Friday, November 12, 2010

Liebig and the carbon price

Economics is dynamic. All my ways of trying to understand it are static, like EROEI. So I often wonder whether I really understand. We get this in the EROEI discussion. So what happens to the money the company pays to the janitor (or the CEO). They spend it, and there is energy embodied in the stuff they receive. And the people receiving the money spend it and ...

This seems to have something to do with Liebig's Law. The thing that is in short supply is what counts. For 200+ years that thing has been skilled labour. Now, maybe temporarily, it is oil. So that suggests that for our infinite regression on the janitor's salary, each step has some embodied oil. And the sum of all those bits of embodied oil limits how much value you can get out of the dollar. Well this conveniently forgets that there is some time delay between receiving and spending money: the velocity of money.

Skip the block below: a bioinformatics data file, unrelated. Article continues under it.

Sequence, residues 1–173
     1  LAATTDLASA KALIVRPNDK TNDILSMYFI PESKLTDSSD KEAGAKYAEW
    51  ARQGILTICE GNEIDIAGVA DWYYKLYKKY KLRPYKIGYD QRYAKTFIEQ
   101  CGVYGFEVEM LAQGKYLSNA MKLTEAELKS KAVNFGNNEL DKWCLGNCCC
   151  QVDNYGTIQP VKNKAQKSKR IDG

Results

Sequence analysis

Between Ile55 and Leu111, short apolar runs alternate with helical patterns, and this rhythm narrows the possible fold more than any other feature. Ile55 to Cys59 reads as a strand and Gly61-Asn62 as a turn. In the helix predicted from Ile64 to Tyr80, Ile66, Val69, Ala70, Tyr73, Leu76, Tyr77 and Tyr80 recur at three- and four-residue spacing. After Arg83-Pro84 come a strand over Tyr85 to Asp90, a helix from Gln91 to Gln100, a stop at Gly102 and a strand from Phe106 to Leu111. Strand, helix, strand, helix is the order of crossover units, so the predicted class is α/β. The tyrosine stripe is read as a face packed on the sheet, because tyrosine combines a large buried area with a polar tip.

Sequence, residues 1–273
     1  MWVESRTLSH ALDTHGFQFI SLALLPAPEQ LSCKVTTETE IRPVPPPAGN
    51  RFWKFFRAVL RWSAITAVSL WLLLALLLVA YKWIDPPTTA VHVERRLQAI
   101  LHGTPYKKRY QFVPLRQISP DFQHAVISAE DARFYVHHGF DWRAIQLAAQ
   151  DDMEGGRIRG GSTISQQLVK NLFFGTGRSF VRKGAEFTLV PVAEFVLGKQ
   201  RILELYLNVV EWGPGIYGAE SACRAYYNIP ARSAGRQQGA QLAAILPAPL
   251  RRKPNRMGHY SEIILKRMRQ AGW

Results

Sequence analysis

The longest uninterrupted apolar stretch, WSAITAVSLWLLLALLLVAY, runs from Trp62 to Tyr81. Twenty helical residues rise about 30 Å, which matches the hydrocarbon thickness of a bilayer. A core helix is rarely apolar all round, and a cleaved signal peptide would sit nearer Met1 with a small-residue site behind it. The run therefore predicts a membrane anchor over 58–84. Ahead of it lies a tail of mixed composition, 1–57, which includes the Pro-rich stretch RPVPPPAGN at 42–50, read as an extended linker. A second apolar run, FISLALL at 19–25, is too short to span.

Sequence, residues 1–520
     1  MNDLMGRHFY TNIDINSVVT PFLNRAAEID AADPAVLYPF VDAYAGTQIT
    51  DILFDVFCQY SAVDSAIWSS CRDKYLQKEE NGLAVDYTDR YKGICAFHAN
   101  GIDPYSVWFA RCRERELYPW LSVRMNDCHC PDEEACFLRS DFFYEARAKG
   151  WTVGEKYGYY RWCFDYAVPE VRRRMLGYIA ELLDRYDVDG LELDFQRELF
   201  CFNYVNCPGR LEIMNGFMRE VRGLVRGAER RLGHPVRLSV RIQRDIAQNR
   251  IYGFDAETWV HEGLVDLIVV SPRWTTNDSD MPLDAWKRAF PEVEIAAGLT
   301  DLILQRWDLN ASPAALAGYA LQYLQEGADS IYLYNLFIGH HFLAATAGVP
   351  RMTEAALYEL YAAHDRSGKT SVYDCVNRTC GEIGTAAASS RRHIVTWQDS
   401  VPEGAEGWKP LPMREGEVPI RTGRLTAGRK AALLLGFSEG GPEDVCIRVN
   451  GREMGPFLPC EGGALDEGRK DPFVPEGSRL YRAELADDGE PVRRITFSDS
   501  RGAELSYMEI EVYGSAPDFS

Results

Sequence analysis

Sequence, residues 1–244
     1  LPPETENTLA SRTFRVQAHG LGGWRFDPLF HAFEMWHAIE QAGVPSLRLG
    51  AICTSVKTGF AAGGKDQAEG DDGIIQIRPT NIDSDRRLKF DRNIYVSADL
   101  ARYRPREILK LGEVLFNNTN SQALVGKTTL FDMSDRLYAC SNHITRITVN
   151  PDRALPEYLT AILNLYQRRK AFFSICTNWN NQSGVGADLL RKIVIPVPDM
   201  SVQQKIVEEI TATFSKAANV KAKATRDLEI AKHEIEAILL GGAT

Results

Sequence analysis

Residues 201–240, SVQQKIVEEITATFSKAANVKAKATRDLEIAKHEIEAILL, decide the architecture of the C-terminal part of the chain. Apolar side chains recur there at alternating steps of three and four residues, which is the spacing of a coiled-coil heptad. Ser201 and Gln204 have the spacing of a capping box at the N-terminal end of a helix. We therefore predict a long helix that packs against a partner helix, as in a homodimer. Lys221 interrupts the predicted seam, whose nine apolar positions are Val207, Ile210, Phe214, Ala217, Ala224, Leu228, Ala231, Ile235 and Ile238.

So let's take a case relevant to saving the world: our carbon tax (whether it is done with a market or not). Proponents of this mostly say that it should be revenue neutral. All the money raised is returned to the public in some wonderfully fair way. Let's assume we have a closed system: Not much point if we just move the carbon emissions to another country. So the public buy energy (directly or indirectly) and part of the price is carbon tax. Then they get that back and they buy more stuff with embodied energy. Then they get that tax back. Well its doubtful if you can buy anything that doesn't have embodied energy, but only a proportion is carbon intensive. So how does this cycle play out? Are the infinities relevant or can we normalize or zenoize them?

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